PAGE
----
Many of these lost positions originally offered lower than average wages and few career building opportunities or benefits. At 15.5 percent for the third quarter of 2021, the Food Services and Drinking Places industry accounted for the largest share of Southeastern Pennsylvania’s new hires. Occupations in this industry largely include servers, short-order cooks, and other restaurant and food preparation positions. As part of the region's Leisure and Hospitality sector, it saw the steepest employment declines in the initial months of the pandemic (see figure 2). Yet even with recent social movements pushing for higher wages and other incentives to refill lost low-wage positions in this industry [8], the average hourly wage in 2020 was just over $10.00 - almost $24.00 less than the region’s average hourly wage. Many other lower-level industries, like Social Assistance, Administrative and Support Services, Nursing and Residential Care Facilities, and Amusement, Gambling, and Recreation Industries all represent a similar trend of hiring to refill positions lost in the initial months of the pandemic. There is high demand to refill positions in this industry as these sectors cautiously reopen, as figure 3 demonstrates, but job security and small wage gains may be all for naught if another economic tremor, like another COVID-19 variant, upends employment gains.

 

Some brighter hiring trends come from the Educational Services industry, the Professional, Scientific, and Technical Services industry, Specialty Trade Contractors, and the Management of Companies and Enterprises. Together they account for over 20 percent of all Southeastern Pennsylvania’s new hires in the third quarter of 2021. The average hourly wage in these industries matches or exceeds the region’s average. As previously stated, their growth may reflect the greater need for technological, administrative, and communications support in more virtual work settings. Increased hiring among these industries also shows a greater commitment to growing more higher-wage positions in a post-COVID regional economy.

 

Building Back Better?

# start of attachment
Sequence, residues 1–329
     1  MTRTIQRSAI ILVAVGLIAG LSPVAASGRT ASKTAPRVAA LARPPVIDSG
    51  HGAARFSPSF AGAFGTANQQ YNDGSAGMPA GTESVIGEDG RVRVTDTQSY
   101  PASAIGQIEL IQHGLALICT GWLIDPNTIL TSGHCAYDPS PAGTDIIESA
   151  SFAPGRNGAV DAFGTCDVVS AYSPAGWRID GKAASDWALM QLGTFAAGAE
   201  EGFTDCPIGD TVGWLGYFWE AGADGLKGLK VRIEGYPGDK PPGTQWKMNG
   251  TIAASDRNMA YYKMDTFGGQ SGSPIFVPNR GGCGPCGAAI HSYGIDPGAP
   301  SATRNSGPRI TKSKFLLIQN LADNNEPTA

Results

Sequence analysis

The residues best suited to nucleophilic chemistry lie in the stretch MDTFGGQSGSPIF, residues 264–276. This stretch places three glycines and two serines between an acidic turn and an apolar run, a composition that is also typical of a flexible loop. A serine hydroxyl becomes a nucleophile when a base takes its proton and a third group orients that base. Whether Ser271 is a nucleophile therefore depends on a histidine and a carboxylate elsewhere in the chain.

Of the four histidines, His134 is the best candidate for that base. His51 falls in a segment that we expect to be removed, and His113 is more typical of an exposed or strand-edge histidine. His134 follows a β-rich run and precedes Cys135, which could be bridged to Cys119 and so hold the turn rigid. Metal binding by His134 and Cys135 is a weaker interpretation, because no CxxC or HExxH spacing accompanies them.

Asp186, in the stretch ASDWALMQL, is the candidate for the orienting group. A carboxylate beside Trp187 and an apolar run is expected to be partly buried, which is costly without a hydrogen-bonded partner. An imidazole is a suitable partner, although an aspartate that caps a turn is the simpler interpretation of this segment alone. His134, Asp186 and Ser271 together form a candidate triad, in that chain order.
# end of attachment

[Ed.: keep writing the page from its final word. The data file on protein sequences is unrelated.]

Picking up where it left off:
The recent employment gains in our region and across the country largely represent the slow recovery of industries devastated by the initial economic lockdowns in the spring of 2020. Unfortunately, much of our recent employment gains are replacing a pre-COVID workforce that was characterized by stagnant wage growth in the past decade and held little security as jobs were cut or furloughed during the economic lockdowns of 2020.

 

There are some bright spots in recent hiring trends, as our region adds more professional, technical, and administrative support positions. The addition of these higher-wage occupations shows a commitment to building back a more resilient workforce, but their growth is largely eclipsed by employment recovery in the Leisure and Hospitality and Health Care and Social Assistance sectors. As these major recovering sectors continue to face labor shortages, will their workers be able to leverage greater job security, better benefits, and higher wages? It remains to be seen whether such trends pressure Pennsylvania’s legislators to raise the state’s minimum wage—an outlier in the region at $7.25 an hour—or to focus on other measures to create sustainable, career-focused employment opportunities – like portable benefits.

 

Works Cited

[1] Verdon, Joan. 2021. “Adobe: Pandemic Shift Is Permanent, E-Commerce To Hit $1 Trillion In 2022.” Forbes, 15 March. Retrieved from: (https://www.forbes.com/sites/joanverdon/2021/03/15/adobe-pandemic-shift-is-permanent-e-commerce-to-hit-1-trillion-in-2022/?sh=74465f5b44ce).

 

[2] Shields, Mike. 2020. “COVID-19: The Real Retail Apocalypse?” Economy League of Greater Philadelphia, 28 May. Retrieved from: (https://economyleague.org/providing-insight/leadingindicators/2020/05/28/covidretail).

 

[3] Williams, Stephen. 2021. “Philadelphia has explosion in new housing development.” The Philadelphia Tribune, 13 November. Retrieved from: (https://www.phillytrib.com/news/local_news/philadelphia-has-explosion-in-new-housing-development/article_753a78ce-5caa-5a7b-b9a4-63a547a0d4ee.html#:~:text=According%20to%20a%20Center%20City,Philadelphia%2C%20such%20as%20Northern%20Liberties.).

 

[4] Shields, Mike and Andrew Strohmetz. 2020. “Regional Employment Growth Amidst the Pandemic.” Economy League of Greater Philadelphia, 18 November. Retrieved from: (https://economyleague.org/providing-insight/leadingindicators/2020/11/18/jobgrowthcovid).

 

[5] Smith, Morgan. 2022. “The 10 fastest-growing jobs in the United States—some pay over $100,000 a year.” CNBC, 19 January. Retrieved from: (https://www.cnbc.com/2022/01/19/the-10-fastest-growing-jobs-in-the-united-states-and-how-much-they-pay.html).

 

[6] Kropp, Brian and Emily Rose McRae. 2022. “11 Trends that Will Shape Work in 2022 and Beyond.” Harvard Business Review, 13 January. Retrieved from: (https://hbr.org/2022/01/11-trends-that-will-shape-work-in-2022-and-beyond).

 

[7] Sarnoff, Nancy. 2022. “Economists Expect More Job Growth as Omicron Cases Drop. But the Pandemic Makes Predictions Hard.” MoneyWise, 8 February. Retrieved from: (https://moneywise.com/news/economy/US-jobs-and-unemployment-report).

 

[8] Molla, Rani. 2022. “A new era for the American worker.” Vox, 11 January. Retrieved from: (https://www.vox.com/recode/22841490/work-remote-wages-labor-force-participation-great-resignation-unions-quits).